Draft Summary Alaska Rural Settlement Patterns Lance Howe Understanding Alaska by Cannabisrapper


									Draft Summary: “Alaska Rural Settlement Patterns, 1990-2000”
Lance Howe, Understanding Alaska, ISER

Alaska’s population is one of the most mobile of any US state. Although recent migration is
moderate relative to earlier years, at least 48% of the Alaska population moved between Alaska
census regions or into or out of another state between 1995 and 2000.1 These population flows
were greater than 46 other US states. The “Rural Settlement Patterns” report summarized here
focuses on the nature, and to some extent the causes and consequences, of regional migration in
Regional migration was mainly from rural to urban Alaska or between urban census regions.
Total migration accounted for about 50% of each regions population and regional migration
accounted for about 10% to 15% of this total. Rates of population decline due to migration were
largest for census regions along Alaska’s western coast; from Lake and Peninsula to the North
Slope Borough, population flowed to urban areas at greater rates than other rural regions.
Overall, urban census regions gained more than 6,000 persons due to regional migration. Rates
of increase were largest for the Mat-Su Borough while declines were largest for Lake and
Peninsula Borough.
There were important individual differences between migrants such as age, race, and gender. In
rural areas, the rate of population decline due to regional migration was significantly higher for
females relative to males (especially to the Anchorage Mat-Su region), however, as a share of the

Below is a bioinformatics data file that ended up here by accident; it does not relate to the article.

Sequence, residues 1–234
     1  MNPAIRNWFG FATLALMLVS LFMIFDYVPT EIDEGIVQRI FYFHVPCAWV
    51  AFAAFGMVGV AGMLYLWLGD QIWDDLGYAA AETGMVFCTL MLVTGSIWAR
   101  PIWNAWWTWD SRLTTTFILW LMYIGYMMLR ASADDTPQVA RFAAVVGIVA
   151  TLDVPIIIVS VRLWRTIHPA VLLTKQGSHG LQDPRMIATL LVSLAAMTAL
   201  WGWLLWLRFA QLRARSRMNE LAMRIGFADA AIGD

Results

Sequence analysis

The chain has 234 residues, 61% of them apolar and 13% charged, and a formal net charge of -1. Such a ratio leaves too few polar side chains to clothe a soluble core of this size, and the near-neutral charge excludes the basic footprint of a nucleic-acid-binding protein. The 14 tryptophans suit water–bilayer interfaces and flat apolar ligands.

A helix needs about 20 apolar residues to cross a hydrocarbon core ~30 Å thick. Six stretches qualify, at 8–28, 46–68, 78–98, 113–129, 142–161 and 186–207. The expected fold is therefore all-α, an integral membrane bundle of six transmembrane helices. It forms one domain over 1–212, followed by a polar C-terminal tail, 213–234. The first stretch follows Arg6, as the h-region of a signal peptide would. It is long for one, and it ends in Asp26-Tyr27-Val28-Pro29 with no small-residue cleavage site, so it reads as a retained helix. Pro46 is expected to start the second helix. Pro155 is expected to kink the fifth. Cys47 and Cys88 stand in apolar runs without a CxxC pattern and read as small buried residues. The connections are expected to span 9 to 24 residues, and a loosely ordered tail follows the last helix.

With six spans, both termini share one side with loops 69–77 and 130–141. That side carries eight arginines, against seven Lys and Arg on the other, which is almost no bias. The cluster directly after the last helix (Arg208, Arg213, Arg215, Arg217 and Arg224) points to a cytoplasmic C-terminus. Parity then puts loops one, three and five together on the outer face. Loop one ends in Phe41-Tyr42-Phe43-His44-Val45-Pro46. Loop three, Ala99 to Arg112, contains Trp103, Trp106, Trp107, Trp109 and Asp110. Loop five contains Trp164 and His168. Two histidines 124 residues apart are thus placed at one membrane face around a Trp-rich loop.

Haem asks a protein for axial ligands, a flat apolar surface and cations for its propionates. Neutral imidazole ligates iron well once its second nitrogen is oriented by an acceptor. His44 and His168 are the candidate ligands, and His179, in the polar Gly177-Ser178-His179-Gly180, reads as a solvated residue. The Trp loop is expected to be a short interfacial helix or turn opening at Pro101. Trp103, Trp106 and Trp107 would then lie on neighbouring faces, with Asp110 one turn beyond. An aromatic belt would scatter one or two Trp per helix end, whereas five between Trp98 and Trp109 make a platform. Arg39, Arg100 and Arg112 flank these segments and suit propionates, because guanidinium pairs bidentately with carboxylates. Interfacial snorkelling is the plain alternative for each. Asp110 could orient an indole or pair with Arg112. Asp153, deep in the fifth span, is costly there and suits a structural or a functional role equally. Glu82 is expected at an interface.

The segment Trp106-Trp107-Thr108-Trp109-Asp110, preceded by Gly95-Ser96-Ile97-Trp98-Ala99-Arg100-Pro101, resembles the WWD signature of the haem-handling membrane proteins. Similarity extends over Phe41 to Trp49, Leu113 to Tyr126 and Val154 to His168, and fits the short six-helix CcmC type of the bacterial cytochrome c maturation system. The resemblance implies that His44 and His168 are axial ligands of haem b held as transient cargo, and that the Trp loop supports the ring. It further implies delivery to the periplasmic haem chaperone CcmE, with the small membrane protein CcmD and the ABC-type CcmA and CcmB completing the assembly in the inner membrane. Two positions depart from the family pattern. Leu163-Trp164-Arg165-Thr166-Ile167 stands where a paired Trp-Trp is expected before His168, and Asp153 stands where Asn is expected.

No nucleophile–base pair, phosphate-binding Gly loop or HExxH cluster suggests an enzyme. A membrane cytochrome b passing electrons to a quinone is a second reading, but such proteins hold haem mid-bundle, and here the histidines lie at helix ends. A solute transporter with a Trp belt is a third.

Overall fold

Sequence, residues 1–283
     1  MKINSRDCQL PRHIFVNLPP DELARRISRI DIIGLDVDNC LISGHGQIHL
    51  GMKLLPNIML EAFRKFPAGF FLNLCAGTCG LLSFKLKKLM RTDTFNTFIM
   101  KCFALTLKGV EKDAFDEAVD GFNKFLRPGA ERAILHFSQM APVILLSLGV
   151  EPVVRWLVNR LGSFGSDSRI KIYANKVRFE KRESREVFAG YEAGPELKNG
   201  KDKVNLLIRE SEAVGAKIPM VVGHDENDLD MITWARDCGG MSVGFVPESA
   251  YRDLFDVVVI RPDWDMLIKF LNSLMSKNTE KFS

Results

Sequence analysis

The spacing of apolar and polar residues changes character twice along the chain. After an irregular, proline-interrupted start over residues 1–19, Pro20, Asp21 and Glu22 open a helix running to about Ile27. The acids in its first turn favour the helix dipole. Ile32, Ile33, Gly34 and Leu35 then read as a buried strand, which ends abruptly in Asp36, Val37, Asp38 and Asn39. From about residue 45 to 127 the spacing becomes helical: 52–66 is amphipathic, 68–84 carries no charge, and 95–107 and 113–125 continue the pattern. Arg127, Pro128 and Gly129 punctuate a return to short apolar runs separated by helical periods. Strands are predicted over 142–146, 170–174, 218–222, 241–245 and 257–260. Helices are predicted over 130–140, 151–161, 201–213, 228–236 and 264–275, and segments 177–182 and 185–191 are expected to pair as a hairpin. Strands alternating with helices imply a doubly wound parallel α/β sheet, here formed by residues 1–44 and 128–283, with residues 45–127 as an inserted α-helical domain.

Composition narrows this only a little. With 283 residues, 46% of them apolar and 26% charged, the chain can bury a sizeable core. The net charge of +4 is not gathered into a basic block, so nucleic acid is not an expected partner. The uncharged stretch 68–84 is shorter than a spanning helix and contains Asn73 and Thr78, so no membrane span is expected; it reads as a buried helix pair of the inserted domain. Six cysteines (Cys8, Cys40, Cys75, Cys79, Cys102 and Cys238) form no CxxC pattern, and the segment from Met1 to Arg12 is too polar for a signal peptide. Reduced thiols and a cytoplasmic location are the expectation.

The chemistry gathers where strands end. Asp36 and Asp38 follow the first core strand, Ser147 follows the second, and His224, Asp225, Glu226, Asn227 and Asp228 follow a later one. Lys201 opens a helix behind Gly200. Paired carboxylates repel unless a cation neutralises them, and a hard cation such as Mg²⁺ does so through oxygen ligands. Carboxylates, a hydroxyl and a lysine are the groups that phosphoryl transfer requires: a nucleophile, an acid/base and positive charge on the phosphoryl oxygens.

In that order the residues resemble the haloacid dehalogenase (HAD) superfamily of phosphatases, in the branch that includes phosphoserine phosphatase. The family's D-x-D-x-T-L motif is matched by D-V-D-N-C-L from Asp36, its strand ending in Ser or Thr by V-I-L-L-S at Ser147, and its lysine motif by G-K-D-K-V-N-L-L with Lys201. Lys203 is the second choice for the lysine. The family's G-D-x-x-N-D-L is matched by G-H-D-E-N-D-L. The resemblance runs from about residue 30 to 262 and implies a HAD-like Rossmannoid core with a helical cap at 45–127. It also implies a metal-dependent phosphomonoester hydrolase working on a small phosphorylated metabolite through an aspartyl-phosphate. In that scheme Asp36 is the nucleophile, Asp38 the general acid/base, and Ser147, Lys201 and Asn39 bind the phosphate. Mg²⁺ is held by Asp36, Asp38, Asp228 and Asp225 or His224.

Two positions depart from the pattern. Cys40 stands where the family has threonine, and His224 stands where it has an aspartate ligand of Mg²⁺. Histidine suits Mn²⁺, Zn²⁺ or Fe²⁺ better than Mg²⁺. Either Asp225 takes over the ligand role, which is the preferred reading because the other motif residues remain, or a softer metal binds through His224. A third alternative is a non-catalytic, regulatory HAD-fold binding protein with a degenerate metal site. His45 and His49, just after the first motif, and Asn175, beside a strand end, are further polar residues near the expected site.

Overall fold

urban population, rates of increase were only slightly greater for females. Migration also differed
by race. Alaska Natives, who make up about 19% of the population, made up about 28% of
regional migrants. Although non-Natives left rural areas at greater rates for urban areas a
significantly larger number of Natives left rural areas and so Native migrants arrived in urban
areas (as a share of the urban Native population) at much greater rates than non-Natives. Finally,
there were important age differences in regional migration. In rural regions, rates of decline were
greatest for the young working age population (ages 20-34), correspondingly rates of increase in
the Anchorage Mat-Su region were largest for the population ages 20-34. In Aleutians and
Bethel Wade Hampton regions rates of decline were especially high for young children.
The report also highlights indirect evidence on the important role of economic incentives. While
employment and income status at the time of migration is unknown, migration characteristics
vary significantly by current employment and poverty status. Persons currently poor moved from
rural to urban regions at much higher rates than persons not poor. Also, persons currently
employed seemed to have left rural regions at much lower rates than persons unemployed or not
in the labor force. While these trends are not the same across regions, they are generally
consistent with the standard economic interpretation of the migration decision; greater relative